Hobby and keenness
Hobby and keenness
1. Historical hobby
2. Nature and function hobby
3. Modification by community factors
4. Classification of hobbies
4.1 Basis for classification
4.2 Collection Hobby
4.3 Creative Hobbies
4.4 Educational Hobbies
4.5 Performing Hobbies
5. Promotion hobby interests
5.3 Older Folks
6. Advises for hobbyists
6.1 How Hobbyists Become Interested
6.2 How To Get Started - Suggestions to
6.3 How To Stimulate Hobby Interest
6.4 How To Help the Beginner
6.5 How To Help the Hobbyist
In the 16th century a favorite toy children
of all age was the hobbyhorse. In appearance a hobbyhorse could be as a simple
as a stick, or it could have a decorated wooden framework with an imitation
horse’s heard attached. When their simple or elaborate, children used them for
the games of the time involving war and knighthood, much as children in the
early part of the 20th century played cowboys and Indians. In time the
popularity of the hobbyhorse declined, but the pleasure of doing something
outside the routine activities of daily life had brought a new word into the
language, the word hobby, which is a shortened form of hobbyhorse.
Before the 20th century, hobbies were something
that only wealthy people had the time and money to enjoy. The present day
interest in hobbies throughout the world is the product of more free time for far
more people, resulting from shortened working hours and greater prosperity.
hobbies are old as civilization. Ruler in ancient times often collected
valuable objects, rare manuscripts, and art treasures. The monasteries of the
Middle Ages maintained libraries to store the valuable documents and art works
that they collected and produced. Later, individuals who were well educated and
had broad range of interests made field trips and traveled to other countries,
bringing back fossils, plants, artefacts, and other objects. Such people also
build up extensive personal libraries and collections.
Hobby is a
recreation activity joyously pursued with intense interest over a sustained
period of time. It is usually not directly connected with the person’s
livelihood or his professional and social ambitions. Hobby is basically an
individual recreation pursuit which permits the hobbyist to start and to stop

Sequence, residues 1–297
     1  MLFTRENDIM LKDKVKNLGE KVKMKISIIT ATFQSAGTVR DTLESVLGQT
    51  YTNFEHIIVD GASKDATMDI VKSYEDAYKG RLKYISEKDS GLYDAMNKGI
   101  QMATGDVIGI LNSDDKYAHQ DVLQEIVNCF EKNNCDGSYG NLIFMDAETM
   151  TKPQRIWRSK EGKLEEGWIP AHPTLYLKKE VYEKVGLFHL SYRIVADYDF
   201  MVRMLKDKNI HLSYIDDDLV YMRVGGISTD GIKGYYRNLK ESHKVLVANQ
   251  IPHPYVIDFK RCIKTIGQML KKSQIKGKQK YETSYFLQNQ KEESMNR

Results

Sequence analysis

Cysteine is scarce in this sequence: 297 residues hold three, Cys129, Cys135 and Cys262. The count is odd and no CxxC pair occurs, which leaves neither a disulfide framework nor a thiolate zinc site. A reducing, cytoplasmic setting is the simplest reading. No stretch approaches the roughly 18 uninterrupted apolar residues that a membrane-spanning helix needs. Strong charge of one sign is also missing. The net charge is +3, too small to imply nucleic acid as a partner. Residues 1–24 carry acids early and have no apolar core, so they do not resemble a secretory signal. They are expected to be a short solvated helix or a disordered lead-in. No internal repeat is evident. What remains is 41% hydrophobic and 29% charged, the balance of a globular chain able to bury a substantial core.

when he chooses. It can and often does lead the hobbyist into group
participation. The collector of folk songs associates with others who have the
same interests and sings with them.
A hobby offers
the individual a deep and continuing interest in an activity which requires
little outside stimulation to sustain hat interest. Hobbies are as varied as
the field of human interest and experience. They contain the element of
exploration which dives the hobbyist a chance to discover himself and his
world. The same hobby activity will often satisfy different needs for different
Some of the
individual’s social and psychological needs are not met through the pursuit of
everyday responsibilities. The function of a hobby is to provide ways in which
some of these needs can be met to insure balanced and enriched living. The
choice of hobby is determined by unconscious wishes and desires. The choice is
conditioned by experience and environmental factors. What a hobby does for the
person depends on the foregoing plus the satisfaction obtained through
participation. Some of the values of hobby are:
are the means for relaxation to the person who has limited leisure - like the
medical practitioner. His hobby may be the only recreation possible at times
when the demands for his professional service leave him with little leisure.
pursuit of hobbies can be an enemy of boredom brought about by too much leisure.
provide a means for vigorous release of emotions.
serve as a way of meeting the needs of people in period of frustration.
offer many opportunities for creative expression.
serve as a means for compensation, such as excelling in the hobby pursuit
compensating for failing to reach desired goals on the job.
a hobby means acquiring knowledge and leaning skills. It satisfied the desire